PhD General Information

  • There are two start dates each in summer, fall, and spring.
  • PhD courses are seven-weeks in length, with the exception of one research design course and the three dissertation courses, which are semester long.
  • The average PhD student takes two courses for a total of 6 credit hours per semester (one each 7-week session), which is considered a full load at the doctoral level. While there is flexibility with course load, most students are balancing professional careers, family, and personal responsibilities, and find that two courses per semester is reasonable and feasible.
  • The PhD is the pinnacle degree awarded by any university, and students are expected to possess extremely high-level competencies. Students earn the PhD after gaining a strong grounding in research and analytical tools to write a robust dissertation and produce new knowledge in the field.


PhD Degree Requirements

  • The maximum time limit to complete the program is seven years or 150% of the credits, whichever the student reaches first.
  • A minimum of 37 credit hours must be completed at CU.
  • Up to 50% of the required credit hours can be transferred into the program.
  • Graduation is contingent upon the completion of 73 hours of prescribed courses with a minimum cumulative GPA of 3.00 and no more than one C. Students must complete all coursework, pass the written comprehensive examination, and successfully write, present, and defend their dissertation.
  • Continuous enrollment (a minimum of one course per semester) is required Fall, Spring, and Summer semesters.
  • In the event of extenuating circumstances, a PhD student may request in writing one Leave of Absence of up to two semesters. A PhD student who remains inactive for longer than two semesters must reapply to the program. Special accommodations will be extended for military deployments. The LOA does not “stop the clock” on the 7-year time limit for degree completion.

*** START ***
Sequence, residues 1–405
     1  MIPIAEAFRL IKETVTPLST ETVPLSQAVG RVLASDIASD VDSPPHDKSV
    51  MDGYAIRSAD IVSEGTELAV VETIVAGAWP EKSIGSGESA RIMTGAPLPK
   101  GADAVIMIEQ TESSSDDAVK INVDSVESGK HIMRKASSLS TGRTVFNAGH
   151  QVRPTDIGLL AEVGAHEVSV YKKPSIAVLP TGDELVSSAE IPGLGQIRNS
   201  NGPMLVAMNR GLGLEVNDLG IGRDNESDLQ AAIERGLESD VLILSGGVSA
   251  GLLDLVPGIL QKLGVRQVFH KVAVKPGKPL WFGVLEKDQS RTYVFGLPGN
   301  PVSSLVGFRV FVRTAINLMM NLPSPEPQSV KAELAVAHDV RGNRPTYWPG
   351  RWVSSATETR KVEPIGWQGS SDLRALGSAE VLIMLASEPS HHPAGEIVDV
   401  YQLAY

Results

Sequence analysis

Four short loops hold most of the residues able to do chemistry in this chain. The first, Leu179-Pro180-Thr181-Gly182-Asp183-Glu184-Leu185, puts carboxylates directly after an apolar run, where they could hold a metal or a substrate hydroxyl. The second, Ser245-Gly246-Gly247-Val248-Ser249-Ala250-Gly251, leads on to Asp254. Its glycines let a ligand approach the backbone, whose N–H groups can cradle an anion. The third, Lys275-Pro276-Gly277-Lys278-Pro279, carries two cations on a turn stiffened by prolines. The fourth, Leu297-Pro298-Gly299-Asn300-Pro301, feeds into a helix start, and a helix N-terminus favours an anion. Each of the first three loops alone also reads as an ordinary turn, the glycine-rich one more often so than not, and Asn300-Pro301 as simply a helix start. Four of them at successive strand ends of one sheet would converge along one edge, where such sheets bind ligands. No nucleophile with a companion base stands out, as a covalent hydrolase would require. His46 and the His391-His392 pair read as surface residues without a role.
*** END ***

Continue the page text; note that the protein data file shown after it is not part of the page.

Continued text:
PhD Residency

Students are required to attend a one-week on-campus residency the first time it is offered after acceptance, typically in conjunction with their first summer semester of attendance. The residency is a highlight for students as they develop competencies in dissertation choice, design and methodology, and APA writing style and format. It is an opportunity for students to build relationships with professors and grow their networks with fellow students.

Students can stay in university housing for a fee or stay in area hotels. Details are provided before registration for the event.

As an option, Learners who have already attended the first Residency can choose to attend Residency for the second time to work on a draft of their Dissertation Alignment Document or Chapter 1.

As an option, learners who have started Dissertations I, II, or III can attend PhD Residency to receive one-on-one coaching to work on their proposal.  NOTE: Learner must receive approval from their Dissertation Chair.

While students have the option to participate synchronously or asynchronously in their core classes, students must attend the PhD Residency in person. Under no circumstance will Learners be allowed to attend PhD Residency Virtually.


PhD Comprehensive Examination, Dissertation, and Oral Defense

The PhD student will submit and pass a written comprehensive examination upon completion of 55 hours of coursework before moving forward on the dissertation research.